And in the context of this act of institutional power, Christian is a student. The treatment by EMU of Christian in this situation has been nothing short of abusive, and I don’t use that term lightly. There are shared standards for the treatment of students. When they are broken, academics who care about students notice, and we get mad. If EMU thinks that catering to the religious controversy around this play is more important than those standards, then EMU is a Bible college, and should advertise itself as such. But it won’t, because that does not fit its marketing goals. Which is why everyone who knows a student who is considering attendance at EMU needs to tell that student this story, especially if they are considering an arts major, and *especially* if that student is queer. College should be an opportunity for education, not an opportunity for martyrdom.

3) If I hear/read one more argument that “maybe EMU just isn’t ready for this production,” I am going to scream. No one will hear me but my cats, but know that I am out here in the Rogue Theocracy of Sam Brownback, tearing out my hair. The world does not, in fact, unfold in an inevitable linear narrative of progress towards ever more inclusive and humanitarian realities, and neither do universities. It’s more like this: People make decisions, and then there are consequences. As our beloved and overquoted MLK once said, time is neutral. We shape it. We shape it by deciding who and what deserves our commitments and our alliegances, and by deciding what risks are worth taking. We shape it by deciding who and what we’re going to worship. White, moderate Mennonites worship their institutions, their processes, and their aspirations for ever more denominational unity and harmony, and that contributes to making them pathologically incapable of recognizing abuses of power in their own communities, even as they denounce violence that happens elsewhere. No condition is more fraught with vulnerability to bullies. Mennonites are more afraid of naming bullies than they are of what bullies do. (John Howard Yoder was a bully. He mostly got away with it.)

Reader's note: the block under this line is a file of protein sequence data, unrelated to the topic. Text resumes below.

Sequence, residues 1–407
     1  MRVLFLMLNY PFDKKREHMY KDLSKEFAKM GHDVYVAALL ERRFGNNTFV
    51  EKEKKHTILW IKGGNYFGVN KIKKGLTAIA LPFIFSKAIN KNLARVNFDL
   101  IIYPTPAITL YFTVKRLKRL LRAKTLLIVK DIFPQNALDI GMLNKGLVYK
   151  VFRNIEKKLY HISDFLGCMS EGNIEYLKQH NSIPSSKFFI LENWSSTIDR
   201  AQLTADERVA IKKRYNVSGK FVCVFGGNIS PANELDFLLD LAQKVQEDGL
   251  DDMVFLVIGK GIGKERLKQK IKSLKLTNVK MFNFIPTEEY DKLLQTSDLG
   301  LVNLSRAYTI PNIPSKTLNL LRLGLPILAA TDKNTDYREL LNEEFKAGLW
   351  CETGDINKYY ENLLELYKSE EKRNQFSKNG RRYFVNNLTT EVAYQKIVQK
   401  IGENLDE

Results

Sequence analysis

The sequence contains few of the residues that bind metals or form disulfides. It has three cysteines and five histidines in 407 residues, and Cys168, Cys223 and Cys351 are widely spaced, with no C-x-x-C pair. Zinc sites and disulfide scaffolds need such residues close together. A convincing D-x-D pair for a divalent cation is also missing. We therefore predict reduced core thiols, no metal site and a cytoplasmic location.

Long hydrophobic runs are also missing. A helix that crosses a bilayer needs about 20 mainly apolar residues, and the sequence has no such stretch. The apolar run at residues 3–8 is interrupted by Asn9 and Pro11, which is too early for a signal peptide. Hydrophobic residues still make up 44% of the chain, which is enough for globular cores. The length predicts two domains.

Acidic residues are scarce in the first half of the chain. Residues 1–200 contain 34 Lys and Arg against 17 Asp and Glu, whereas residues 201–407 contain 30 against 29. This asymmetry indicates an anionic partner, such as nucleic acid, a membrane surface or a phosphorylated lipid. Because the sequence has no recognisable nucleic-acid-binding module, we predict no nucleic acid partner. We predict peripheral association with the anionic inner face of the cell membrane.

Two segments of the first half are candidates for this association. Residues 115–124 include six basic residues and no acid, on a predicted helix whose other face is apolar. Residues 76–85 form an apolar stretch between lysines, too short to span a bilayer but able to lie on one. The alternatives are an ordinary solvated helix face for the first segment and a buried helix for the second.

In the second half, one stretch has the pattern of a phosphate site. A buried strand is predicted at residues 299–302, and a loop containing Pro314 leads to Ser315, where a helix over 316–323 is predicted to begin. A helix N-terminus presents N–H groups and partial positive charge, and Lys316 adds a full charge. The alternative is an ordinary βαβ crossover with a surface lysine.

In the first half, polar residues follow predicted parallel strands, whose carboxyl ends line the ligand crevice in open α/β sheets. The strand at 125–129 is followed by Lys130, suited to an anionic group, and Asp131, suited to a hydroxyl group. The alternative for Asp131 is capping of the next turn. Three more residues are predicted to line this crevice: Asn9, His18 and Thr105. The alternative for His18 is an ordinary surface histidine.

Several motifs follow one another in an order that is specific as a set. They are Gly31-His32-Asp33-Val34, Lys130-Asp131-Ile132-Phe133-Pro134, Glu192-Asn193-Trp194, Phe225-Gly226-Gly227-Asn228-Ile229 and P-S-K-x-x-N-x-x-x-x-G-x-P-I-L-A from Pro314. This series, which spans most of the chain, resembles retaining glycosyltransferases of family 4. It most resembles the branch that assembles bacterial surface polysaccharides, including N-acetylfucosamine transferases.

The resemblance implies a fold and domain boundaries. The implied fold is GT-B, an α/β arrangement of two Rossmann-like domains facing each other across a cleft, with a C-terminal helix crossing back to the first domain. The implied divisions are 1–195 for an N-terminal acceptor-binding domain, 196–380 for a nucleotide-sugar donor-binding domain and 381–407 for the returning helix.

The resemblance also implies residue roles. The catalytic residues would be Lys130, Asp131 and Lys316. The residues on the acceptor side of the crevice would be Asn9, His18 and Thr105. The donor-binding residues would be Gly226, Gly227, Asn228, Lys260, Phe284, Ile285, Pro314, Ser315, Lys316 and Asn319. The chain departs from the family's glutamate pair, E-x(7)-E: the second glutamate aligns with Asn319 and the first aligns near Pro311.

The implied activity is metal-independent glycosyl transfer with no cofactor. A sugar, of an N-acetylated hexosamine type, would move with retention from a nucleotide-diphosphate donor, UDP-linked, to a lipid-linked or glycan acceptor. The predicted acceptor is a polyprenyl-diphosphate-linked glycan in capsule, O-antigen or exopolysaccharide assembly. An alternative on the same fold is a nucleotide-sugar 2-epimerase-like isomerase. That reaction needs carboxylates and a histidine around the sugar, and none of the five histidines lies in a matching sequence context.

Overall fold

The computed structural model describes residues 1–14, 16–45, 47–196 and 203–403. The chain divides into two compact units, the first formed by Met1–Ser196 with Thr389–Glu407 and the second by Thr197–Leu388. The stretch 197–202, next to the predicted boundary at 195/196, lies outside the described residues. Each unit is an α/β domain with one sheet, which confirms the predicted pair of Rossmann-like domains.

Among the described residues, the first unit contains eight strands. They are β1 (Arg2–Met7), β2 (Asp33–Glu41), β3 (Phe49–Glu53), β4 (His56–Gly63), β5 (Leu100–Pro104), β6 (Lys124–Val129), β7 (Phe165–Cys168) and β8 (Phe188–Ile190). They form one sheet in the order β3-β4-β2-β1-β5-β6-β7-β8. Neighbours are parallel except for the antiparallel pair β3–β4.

Students like Christian Parks are then forced to bear the consequences. What I appreciated most about Howard Sherman’s analysis is that he, coming from the outside, was able to see the obvious power imbalances that led to Christian’s decision to cancel. To quote Christian here: “After doing some strategic planning in my mind, that is when I went in and I knew that they were going to shut it down. I knew. And so instead of the story being written as they shut it down, I’d rather it be written as I took it down, because I refuse to be a victim. I refuse, I refuse.” As Sherman wrote, “The administration has responsibility for the denouement.” Christian–again, with a skillfulness I recognize from their Pink Menno work–took charge of the only thing they could really influence: the narrative.

Christian told Sherman that part of their motivation for choosing Corpus Christi was to communicate what the EMU “Listening Process” felt like for them as a queer person on campus. “It didn’t really work because they still don’t understand and don’t want to understand,” Christian said. And that lack of understanding on the part of administration doesn’t have anything to do with Christian’s choice of play.